“It’s great to reminisce about good memories of my past. It was enjoyable when it was today. So learning to enjoy today has two benefits: it gives me happiness right now, and it becomes a good memory later.”  George Foreman

What will you be remembered for?  When someone mentions your name what will be the first thing on their mind?  When they here a certain song or smell, will they think of you?  When your child thinks of family dinners around the table, what will they recall?

By now we know that our experiences in the world are based on information received through a combination of our senses.  Sight, touch, hearing, taste and smell all impact the memory stored in our brains.

Some memories are as vivid as if they happened a few moments ago, yet others are fleeting wisps of recollection.  While we go about raising our children, they are storing memories that will last them a lifetime.  But what affects the strength and duration of memories?

Earlier today, I was driving home after dropping my children at school and listening to the morning show on the radio. The presenter was speaking about music bands from Ireland.  He mentioned a really old band that his gran loved and played a song from the duo.  I was immediately transported back to my preschool days. I could suddenly see my gran smiling at me and I longed to see her again.  Memories are so powerful. 

An emotion or thought can be triggered by something simple like a melody or a smell.  Memories can transport us back into a time long gone.  Be it a nostalgic thought, a happy and sad memory, our lives were shaped by our experiences.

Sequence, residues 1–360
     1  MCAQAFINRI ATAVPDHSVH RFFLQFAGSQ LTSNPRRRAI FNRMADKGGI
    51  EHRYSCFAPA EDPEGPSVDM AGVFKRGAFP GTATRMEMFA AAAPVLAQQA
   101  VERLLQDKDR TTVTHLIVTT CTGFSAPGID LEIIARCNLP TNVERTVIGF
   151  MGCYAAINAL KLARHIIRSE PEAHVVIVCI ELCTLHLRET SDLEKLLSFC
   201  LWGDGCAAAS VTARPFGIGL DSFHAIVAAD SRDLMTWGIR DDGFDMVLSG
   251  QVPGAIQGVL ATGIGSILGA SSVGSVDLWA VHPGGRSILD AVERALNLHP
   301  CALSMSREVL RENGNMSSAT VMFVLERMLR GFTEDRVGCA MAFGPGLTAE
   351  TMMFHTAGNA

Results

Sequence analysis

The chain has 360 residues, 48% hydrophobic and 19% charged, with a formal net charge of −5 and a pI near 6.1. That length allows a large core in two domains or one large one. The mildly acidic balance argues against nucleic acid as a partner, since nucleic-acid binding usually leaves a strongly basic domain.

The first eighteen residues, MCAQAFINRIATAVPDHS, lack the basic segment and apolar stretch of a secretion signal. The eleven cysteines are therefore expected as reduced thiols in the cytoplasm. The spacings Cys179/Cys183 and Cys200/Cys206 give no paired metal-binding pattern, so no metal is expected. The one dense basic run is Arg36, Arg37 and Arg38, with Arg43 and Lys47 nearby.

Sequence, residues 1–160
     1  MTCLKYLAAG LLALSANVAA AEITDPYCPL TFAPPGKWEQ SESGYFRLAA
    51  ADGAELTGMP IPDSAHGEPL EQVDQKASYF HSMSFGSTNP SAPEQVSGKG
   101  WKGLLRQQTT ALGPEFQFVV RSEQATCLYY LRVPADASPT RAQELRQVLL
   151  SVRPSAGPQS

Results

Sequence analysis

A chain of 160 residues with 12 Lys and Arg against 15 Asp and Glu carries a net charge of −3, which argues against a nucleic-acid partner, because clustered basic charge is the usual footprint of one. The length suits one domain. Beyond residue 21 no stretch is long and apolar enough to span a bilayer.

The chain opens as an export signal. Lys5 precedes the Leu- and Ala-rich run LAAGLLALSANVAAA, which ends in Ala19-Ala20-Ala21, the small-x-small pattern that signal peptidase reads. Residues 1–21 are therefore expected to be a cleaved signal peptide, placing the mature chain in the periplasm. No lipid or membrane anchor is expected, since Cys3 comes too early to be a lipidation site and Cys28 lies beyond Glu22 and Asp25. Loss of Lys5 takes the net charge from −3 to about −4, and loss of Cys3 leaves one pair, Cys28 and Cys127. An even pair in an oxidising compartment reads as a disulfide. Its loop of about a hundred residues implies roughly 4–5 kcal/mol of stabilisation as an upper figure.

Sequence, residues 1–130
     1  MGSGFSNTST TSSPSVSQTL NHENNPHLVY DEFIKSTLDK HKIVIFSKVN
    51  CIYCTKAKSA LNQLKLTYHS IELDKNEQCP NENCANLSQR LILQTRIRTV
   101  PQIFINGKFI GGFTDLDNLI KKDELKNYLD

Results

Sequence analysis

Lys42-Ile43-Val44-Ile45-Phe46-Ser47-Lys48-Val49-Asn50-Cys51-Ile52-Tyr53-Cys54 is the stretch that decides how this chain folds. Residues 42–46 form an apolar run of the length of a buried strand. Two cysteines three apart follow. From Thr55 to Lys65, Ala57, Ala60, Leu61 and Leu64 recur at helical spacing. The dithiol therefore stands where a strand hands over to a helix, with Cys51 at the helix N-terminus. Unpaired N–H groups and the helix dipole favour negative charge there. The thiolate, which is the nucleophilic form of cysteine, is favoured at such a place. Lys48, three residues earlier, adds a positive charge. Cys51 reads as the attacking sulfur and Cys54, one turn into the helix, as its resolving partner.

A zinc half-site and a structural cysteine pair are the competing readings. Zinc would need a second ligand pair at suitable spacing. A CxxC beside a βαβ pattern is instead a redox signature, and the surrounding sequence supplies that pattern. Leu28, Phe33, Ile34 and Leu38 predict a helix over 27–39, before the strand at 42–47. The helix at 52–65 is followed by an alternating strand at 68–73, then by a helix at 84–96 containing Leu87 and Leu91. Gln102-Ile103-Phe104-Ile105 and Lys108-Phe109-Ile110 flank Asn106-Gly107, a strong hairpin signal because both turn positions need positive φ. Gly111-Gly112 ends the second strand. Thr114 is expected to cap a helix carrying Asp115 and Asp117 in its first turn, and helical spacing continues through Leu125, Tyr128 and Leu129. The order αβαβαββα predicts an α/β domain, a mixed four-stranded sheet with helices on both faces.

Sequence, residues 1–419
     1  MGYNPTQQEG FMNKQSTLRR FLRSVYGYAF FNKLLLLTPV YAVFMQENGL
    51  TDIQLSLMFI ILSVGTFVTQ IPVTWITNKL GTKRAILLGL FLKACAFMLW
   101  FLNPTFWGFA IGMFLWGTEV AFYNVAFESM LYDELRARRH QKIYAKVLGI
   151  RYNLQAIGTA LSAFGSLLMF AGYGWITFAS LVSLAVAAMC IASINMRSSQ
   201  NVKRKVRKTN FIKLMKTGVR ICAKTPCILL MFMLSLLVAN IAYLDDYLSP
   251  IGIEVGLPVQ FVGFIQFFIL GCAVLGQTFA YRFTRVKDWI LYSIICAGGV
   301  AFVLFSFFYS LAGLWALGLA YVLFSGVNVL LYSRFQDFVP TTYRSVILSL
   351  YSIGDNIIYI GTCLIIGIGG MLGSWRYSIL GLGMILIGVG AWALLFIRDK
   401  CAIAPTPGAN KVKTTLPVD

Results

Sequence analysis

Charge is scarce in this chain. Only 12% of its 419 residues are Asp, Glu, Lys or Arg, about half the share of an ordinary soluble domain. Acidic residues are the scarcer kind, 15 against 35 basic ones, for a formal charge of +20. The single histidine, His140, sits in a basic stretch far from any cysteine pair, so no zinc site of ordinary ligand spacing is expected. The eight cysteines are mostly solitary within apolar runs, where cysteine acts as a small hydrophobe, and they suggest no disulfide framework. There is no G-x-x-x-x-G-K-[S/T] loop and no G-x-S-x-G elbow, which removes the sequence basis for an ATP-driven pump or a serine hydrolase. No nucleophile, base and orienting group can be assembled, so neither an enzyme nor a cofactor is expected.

In an interesting article by the Queensland Brain Institute, the writer explains that different types of memories are stored across different, interconnected brain regions. Memories that relate to events happening to us, as well as general facts and information are found in the hippocampus part of our brain.  These are autobiographical memories like the playdate our children had last week or the walk we took on the beach recently.  And, they are stored here temporarily.

Our memories from hippocampus region will be transferred to the neocortex, most likely when we sleep, and they then become our general knowledge.  The neocortex is also involved in sensory perception, generation of motor commands, spatial reasoning and language.

Our third part that I will explore briefly in this article is the amygdala.  This part will attach emotional significance to our memories. It is of special importance because strong emotional memories (such as those associated with joy, love, hope, shame, or grief) are difficult to forget.  Our emotions are a vital part of who we are.  The amygdala boosts memory encoding by enhancing attention and perception.

I have also seen how emotional events impact my children.  The day we moved to a new city (9 hours drive away), both my children cried.  Just the other night, we were watching videos and laughing at the memories from when we lived in Port Elizabeth.  The emotions those videos evoked in my children 4 years later, were as real to them as the day we moved. Even though they are happy here in Cape Town, they still miss their early childhood home.

A memory definitely becomes more robust if it has a strong emotional substance. This got me thinking…what memories am I creating for my children?  When I’m long gone, will they remember me when they smell cookie dough or curry on the stove.  Will they smile and think of me dancing around the kitchen to “Love Shack by the B52’s”?  

“Memories are the key not to the past, but to the future” . Corrie ten Boom


Notes:  The scientific information about the brain came from the following website

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